You heard it again and again but the technique somehow eludes your grasp. And besides you’re rushed for time and want a very simple method of passing through the sudden outburst when a sleeping volcano erupts.
How about the next best alternative?
The next best alternative……. Hmmmmmm….
This is not going to sound like the next best. But I assure you that, to my mind, it is. Here it is.
Just be aware.
That’s it, but there’s a lot to that little “it.”
Start becoming aware. A good beginning would be to say “I’m aware of” or “I’m aware that.” Again and again and again.
I remember how six weeks of being aware at Cold Mountain Institute showed me that I was out of touch with my feelings. Maybe I’m just slow, but the realization itself came like a bolt out of the blue. And opened the door to a whole different world of incredibly-richer experience than I’d ever known before.
I’m aware right now that I’m moving my apartment and should be frazzled and I’m not.
I’m aware that I was late for an appointment today (almost missed it) and should feel abashed and I don’t.
I’m aware that my place is in chaos and I’m enjoying it. I’m aware that I’m impressed at how organized I am. I’m aware that I’m approaching this move as I’d approach project change control.
I’m aware that I’m doing one thing at a time and completely finishing it before starting the next. I’m aware of a quiet stillness inside.
Being aware of ourselves and what we’re doing, thinking and feeling takes us out of the domain of the mind and into the domain of the Self.
The domain we leave is called “unconscious awareness.” (1) We’re aware but have no knowledge that we’re aware, no consciousness of ourselves, no reflexive consciousness.
The domain we enter is called “conscious awareness.” We do, think and feel: that’s common to both domains. But in this domain we have the added dimension that we’re aware of ourselves; we have reflexive consciousness. We’re aware of what we do, think, and feel. And we’re aware that we’re aware.
Just as I could say that love creates, preserves and transforms, so I could also say that awareness creates, preserves and transforms. Love and awareness both refer to the essence of God.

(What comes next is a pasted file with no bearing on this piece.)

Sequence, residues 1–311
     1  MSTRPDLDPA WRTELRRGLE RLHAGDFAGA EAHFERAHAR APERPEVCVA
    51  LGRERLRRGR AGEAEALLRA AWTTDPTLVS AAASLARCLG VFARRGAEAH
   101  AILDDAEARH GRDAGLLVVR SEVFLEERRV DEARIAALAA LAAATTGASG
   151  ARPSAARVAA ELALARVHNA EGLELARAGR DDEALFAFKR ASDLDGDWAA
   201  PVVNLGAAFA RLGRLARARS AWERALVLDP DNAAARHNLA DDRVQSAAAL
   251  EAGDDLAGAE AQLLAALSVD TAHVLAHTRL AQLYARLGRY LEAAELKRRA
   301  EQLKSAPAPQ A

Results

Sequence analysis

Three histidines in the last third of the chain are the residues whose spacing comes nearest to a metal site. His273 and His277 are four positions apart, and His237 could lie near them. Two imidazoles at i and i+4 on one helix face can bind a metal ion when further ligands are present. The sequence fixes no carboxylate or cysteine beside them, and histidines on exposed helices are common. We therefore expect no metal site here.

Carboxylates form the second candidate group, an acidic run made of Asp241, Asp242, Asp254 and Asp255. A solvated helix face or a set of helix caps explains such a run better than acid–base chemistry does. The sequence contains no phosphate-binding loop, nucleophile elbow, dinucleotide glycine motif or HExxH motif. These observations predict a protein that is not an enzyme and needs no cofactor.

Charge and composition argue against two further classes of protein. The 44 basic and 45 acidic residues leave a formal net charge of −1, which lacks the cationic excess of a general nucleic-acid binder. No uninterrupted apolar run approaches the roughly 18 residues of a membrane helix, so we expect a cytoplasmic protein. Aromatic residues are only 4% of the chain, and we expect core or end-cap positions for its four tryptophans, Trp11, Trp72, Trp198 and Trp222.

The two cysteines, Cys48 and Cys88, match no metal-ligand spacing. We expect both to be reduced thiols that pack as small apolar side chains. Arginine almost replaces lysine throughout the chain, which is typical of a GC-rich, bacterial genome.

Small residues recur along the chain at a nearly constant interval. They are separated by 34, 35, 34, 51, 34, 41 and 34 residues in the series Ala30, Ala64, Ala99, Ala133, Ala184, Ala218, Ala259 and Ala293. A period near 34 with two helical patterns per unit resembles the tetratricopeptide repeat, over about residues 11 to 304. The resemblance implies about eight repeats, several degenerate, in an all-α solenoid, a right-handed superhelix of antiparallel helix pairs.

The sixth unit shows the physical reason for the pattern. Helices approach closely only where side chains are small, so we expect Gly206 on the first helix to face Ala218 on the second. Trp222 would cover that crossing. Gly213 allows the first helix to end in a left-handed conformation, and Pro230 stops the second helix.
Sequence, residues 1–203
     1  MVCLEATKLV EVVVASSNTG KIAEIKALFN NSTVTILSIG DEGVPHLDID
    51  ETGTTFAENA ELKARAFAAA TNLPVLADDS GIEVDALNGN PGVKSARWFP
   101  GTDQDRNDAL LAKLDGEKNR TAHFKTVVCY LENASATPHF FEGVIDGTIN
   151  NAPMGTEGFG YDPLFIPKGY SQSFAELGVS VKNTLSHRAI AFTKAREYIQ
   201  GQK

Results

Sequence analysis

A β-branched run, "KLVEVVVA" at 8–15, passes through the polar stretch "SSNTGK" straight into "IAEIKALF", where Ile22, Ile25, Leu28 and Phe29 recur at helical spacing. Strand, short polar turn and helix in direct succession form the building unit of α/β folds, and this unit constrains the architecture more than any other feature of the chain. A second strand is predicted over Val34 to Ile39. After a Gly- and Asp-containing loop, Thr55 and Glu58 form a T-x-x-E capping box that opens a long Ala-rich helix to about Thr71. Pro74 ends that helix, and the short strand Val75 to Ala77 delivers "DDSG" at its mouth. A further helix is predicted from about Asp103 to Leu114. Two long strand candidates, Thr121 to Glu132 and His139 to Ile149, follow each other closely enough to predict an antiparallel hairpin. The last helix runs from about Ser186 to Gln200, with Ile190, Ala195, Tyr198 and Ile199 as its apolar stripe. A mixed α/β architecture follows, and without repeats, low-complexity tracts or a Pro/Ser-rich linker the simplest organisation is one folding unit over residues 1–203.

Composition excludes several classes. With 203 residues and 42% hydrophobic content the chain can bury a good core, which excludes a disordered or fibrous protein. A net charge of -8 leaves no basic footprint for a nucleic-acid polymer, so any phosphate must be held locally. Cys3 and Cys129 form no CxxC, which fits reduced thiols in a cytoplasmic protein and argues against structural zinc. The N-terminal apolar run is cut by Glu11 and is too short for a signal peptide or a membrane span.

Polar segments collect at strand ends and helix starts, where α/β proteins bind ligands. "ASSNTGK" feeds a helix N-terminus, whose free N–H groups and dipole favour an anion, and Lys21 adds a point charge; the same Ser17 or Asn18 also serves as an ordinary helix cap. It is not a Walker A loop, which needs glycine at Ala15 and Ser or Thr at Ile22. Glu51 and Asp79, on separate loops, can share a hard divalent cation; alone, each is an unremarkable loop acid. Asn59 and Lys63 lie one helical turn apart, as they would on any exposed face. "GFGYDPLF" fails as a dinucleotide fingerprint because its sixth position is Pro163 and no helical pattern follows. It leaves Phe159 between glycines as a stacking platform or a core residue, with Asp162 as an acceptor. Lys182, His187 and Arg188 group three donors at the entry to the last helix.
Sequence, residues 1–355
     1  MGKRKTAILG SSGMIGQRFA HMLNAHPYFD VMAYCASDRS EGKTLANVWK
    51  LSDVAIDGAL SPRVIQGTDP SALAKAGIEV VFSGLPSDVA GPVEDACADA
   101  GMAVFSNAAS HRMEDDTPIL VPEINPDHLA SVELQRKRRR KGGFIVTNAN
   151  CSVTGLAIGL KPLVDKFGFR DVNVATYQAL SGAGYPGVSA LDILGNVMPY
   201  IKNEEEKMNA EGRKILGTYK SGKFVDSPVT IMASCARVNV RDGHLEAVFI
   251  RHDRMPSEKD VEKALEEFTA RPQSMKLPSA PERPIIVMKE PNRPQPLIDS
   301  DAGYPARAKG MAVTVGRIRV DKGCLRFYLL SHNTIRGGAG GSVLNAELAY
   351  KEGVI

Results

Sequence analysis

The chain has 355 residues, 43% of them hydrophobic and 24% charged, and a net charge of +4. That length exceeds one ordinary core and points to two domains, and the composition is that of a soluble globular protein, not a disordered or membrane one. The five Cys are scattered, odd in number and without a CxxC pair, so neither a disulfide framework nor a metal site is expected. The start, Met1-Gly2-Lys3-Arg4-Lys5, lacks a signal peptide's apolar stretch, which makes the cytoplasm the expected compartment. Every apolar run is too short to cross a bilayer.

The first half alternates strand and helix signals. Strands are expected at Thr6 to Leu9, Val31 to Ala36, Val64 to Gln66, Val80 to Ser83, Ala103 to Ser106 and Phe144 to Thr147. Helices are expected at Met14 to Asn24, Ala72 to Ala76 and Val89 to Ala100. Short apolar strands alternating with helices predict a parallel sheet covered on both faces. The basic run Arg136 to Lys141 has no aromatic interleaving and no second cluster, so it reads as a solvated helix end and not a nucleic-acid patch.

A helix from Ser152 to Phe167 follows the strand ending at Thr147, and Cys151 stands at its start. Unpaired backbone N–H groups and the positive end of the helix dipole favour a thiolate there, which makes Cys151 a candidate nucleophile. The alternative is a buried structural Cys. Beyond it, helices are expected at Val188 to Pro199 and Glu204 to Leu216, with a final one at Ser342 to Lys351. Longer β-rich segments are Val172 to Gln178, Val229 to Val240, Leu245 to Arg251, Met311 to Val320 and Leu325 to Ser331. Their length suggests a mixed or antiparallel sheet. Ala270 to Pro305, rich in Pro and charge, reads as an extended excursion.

We’re therefore “being God” when we’re self-aware. Awareness will dissolve the vasana, not as quickly as using the upset clearing process; a little more randomly – for instance, we have to lie in wait for the vasana to reappear whereas with the clearing process we get right in there and work on the vasana, sometimes before it goes off.
Most times we cannot work on it until it erupts. But it’s getting easier to access and source a vasana in the face of the Tsunami of Love.
But even if we leave vasanas aside, being aware is still a versatile and full-fledged spiritual practice, one of the best gifts we can give ourselves, an endlessly-fascinating pursuit. It renders the quickest and highest returns of bliss than any other path that I know of with the exception of pure and simple love.
How can you tell that I love the path of awareness and look back on the times when I practiced it at growth centers like Cold Mountain Institute as some of the happiest of my life?
So if you can’t nail down the upset clearing process – you can’t name the feeling, you can’t get an the image of the earlier-similar incident, or you don’t know how to re-experience your original emotions – go for the more general approach, in the mastering of which you’ll enter some of the most absorbing and rewarding areas of life you may ever find.
Be aware. Increase your awareness. Maintain your awareness. We are, as it turns out, simply that awareness. All the rest of it – body, mind, everything we see around us – is something added as we descend Jacob’s dimensional ladder. Strictly extra and optional. Our awareness alone is eternal and unchanging.
The one who’s doing the looking? That’s the one you’re looking for. Are you aware of the looker?
If you wish to be free,
Know you are the Self,
The witness of all these,
The heart of awareness. (2)
Steve will be taking Nov. 30-Dec. 3 off to move his apartment.
(1) I’m using the term more loosely than Werner Erhard might have. Werner used it to refer to the transformed state of awareness. I’m using it to refer to the reflexive or self-aware state, a state junior to what Werner was discussing.
(2) Thomas Byrom, The Heart of Awareness. A Translation of the Ashtavakra Gita. Boston and Shaftesbury: Shambala, 1990, 1.